Rise in Native American employment discrimination

On Behalf of | Dec 12, 2013 | Employment Discrimination |

A person is often considered lucky when they land a job that has been their dream or long-term career goal. Even in a dream job, unfair practices could turn even a great job into a disastrous situation. Minnesota workers, dealing with employment discrimination in the workplace, could also mean dealing with a hostile and uncomfortable work experience. Furthermore, co-workers and employers who display or partake in discrimination in the workplace could suffer huge consequences for targeting an employee and discriminating against them for reasons, such as their race, gender, age, sexual orientation or other identifying characteristic.

A recent report focused on Native Americans and how they are treated in the workforce. The report relied on recent statistics that indicated that Native American employment was lowest in the regions where employment was the highest. These numbers were collected since the start of the recession in 2007. These results led researcher to believe that Native Americans have been experiencing a rise in race discrimination.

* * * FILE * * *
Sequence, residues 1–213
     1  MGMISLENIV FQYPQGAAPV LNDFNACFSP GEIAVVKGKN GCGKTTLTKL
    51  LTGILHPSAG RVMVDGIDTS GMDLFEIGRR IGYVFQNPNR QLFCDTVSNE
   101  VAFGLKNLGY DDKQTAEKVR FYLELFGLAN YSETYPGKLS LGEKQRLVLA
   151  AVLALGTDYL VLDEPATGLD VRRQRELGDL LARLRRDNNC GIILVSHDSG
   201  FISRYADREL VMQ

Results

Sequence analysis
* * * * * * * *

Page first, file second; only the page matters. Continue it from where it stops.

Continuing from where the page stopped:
In areas where Native American residents are high, it was thought that their employment rate would be similar to white residents in the area. Researchers found that this was not the case and, in fact, found that the labor market appeared to discriminate against Native Americans in these areas. States in the Northern Plains and in the western Midwest, which includes Minnesota, were the states that depicted an employment-rate gap for Native Americans.

Whether it is based on their race, gender or sexual orientation, employees or those applying for a job should understand that if they believe they are being discriminated against there are options available to them. This could mean filing a complaint and filing a civil suit against their current or potential employer for discrimination. This could result in compensation for the damages they suffered.

When it comes to a hostile work environment or wrongful termination based on discrimination, an employee should understand their rights. Seeking advice in these very emotional and difficult situations could be in their best interest in order to protect their rights and interests.

Source: The Huffington Post, “Do Native Americans Face Discrimination in the Labor Market?,” Algernon Austin, Dec. 5, 2013